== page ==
Melissa Donovan’s last blog post..Slam Poetry’s Wonder Woman

  32. cathlawson on August 25th, 2008 8:36 pm

    Hi Monika - Good point, I guess it may well be to do with fear of the unknown.

    There is a great variety isn’t there? Lots of people to learn from.

    Hi John - it isn’t all that complicated is it? Mind you - I’ve been making an horrendous mistake lately. You know when you write a post and click the button to publish it in advance?

    Well, I’ve been doing that, then changing the title for one with better keywords later. Trouble is - it’s changing the title, but the url is staying the same as it was before. Do you know if there’s a way to change it?

    Hi Annie - writing stuff down is important isn’t it? However great it sounds at the time, it’s almost impossible to remember if it’s not written down.

    That’s brilliant that you’ve had short stories and poetry published and won prizes. A lot of people say that it’s harder to get short stories published than any other type of writing.

    Hi Melissa - I’m guessing that using those skills in copywriting would be impressive. I’ve done that with stories for a long time. I did get into trouble at school when I wrote a humorous story about my cookery teacher though - detention for a whole week.

  33. Annie Anderson on August 25th, 2008 9:10 pm

    Cath -

    Ha! That’s the truth! I think of something cool to write or use for something or other and if I don’t capture it right away, it’s gone forever.

    And - I finally got my gravatar enabled! ;-) Yay! But my theme on my blog apparently is not gravatar compatible. Bummer.

    ~ Annie

    Annie Anderson’s last blog post..This week’s around the web

  34. cathlawson on August 25th, 2008 9:23 pm

    Annie - that’s a shame. I wonder if John Hoff, or Barbara S, or anyone else might know if there’s an easy solution to the problem?

  35. Graham Strong on August 25th, 2008 9:26 pm

    Hi Cath,

    Yes, writing is writing, but I think there is a difference between the tools you use for fiction and for non-fiction writing, generally speaking. Just as someone training for the marathon would do things differently than someone training for the 200m butterfly — yes, it is all “exercise” but each exercise is designed to enhance a different area of muscles and muscle memory.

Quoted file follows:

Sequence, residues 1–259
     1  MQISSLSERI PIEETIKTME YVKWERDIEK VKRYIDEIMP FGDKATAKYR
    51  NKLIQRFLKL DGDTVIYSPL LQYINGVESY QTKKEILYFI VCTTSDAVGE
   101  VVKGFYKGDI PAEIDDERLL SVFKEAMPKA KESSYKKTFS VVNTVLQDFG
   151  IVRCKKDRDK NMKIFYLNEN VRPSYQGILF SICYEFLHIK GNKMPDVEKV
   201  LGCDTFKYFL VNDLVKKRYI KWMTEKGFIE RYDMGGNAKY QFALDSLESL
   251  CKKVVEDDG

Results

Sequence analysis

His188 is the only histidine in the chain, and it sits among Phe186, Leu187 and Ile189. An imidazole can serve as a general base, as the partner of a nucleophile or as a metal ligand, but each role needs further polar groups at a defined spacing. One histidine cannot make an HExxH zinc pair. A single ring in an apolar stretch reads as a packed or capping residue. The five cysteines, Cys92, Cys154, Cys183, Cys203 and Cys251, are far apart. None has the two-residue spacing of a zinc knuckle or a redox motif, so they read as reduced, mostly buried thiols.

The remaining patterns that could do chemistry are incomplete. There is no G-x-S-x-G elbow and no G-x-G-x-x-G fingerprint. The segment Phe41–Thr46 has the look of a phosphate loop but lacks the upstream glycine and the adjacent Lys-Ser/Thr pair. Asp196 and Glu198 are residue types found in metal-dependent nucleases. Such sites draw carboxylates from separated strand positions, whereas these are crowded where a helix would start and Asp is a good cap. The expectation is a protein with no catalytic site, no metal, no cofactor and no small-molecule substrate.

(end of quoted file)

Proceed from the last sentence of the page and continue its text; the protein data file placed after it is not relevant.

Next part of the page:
That being said, I love Stephen King’s On Writing (even though I can’t read his novels…) — any writer can take away some great tips there.

    BTW - love your Western quote. Has it been tested on an actual mother-in-law? If you are looking for volunteers, let me know — I might be persuaded to help in the name of science…


    Graham Strong’s last blog post..Find and Replace - Update!

  36. Annie Anderson on August 25th, 2008 9:33 pm

    Hi Cath -

    I don’t know. I have enabled it in my WP admin but no luck. I tried installing the WP Gravatar plugin (that John has listed in his list) and it crashed my hosts server! Yikes! That was not an hour of fun this morning. Luckily I was able to access via FTP and delete it and then all went back to normal.

    So . . . I have concluded it’s simply not compatible with my theme. If anyone has any suggestions, I’m all ears.

    ~ Annie

    Annie Anderson’s last blog post..This week’s around the web

  37. John Hoff - eVentureBiz on August 25th, 2008 9:39 pm

    @ Cath - I’ve done that to one of my posts as well. Unfortunately, I do not know how to change it. I looked online but couldn’t find anything, too. Sorry.

    @ Annie - I had the hardest time getting gravatars to show on my blog. I did what everyone said to do but had no luck. Then I came across the Filosofo’s Wordpress Gravatar Plugin and it works like a charm! He coded his plugin a little differently so it might work on your template as it did mine.

    John Hoff - eVentureBiz’s last blog post..Securing Your WordPress Blog: Post 2 - How To Change Your Username

  38. Vered on August 25th, 2008 9:47 pm

    A couple of years ago I wrote a few articles for a website that doesn’t exist anymore, but apart from that, I didn’t do any writing before I started blogging.

    “What other things do you do to stimulate your thoughts?” - Oh, I don’t need any more stimulation. If anything, I need to learn to turn off my thoughts! Everything makes me think and wonder and ask questions.

    It’s tiring, really.

    Vered’s last blog post..Aging: May I Please Get Off This Path Now?

  39. Annie Anderson on August 25th, 2008 9:51 pm

    @John - I saw that one but after the fiasco with WPGravatar, I wasn’t sure I wanted to try it but maybe I will. Thanks for the recommendation.

    @Vered - LOL! I can relate to that. My kids are always telling me I shouldn’t think so much. Sometimes I really would like to just turn it off.

    ~ Annie

    Annie Anderson’s last blog post..This week’s around the web

  40. Ellen Wilson on August 25th, 2008 9:52 pm

    Hey Cath,

    It’s 10:43 in the UK now so I don’t know if you’ll respond and I’ll get to see, but I popped back in to see your response to yesterday’s comment and I find you have no archives for me to check.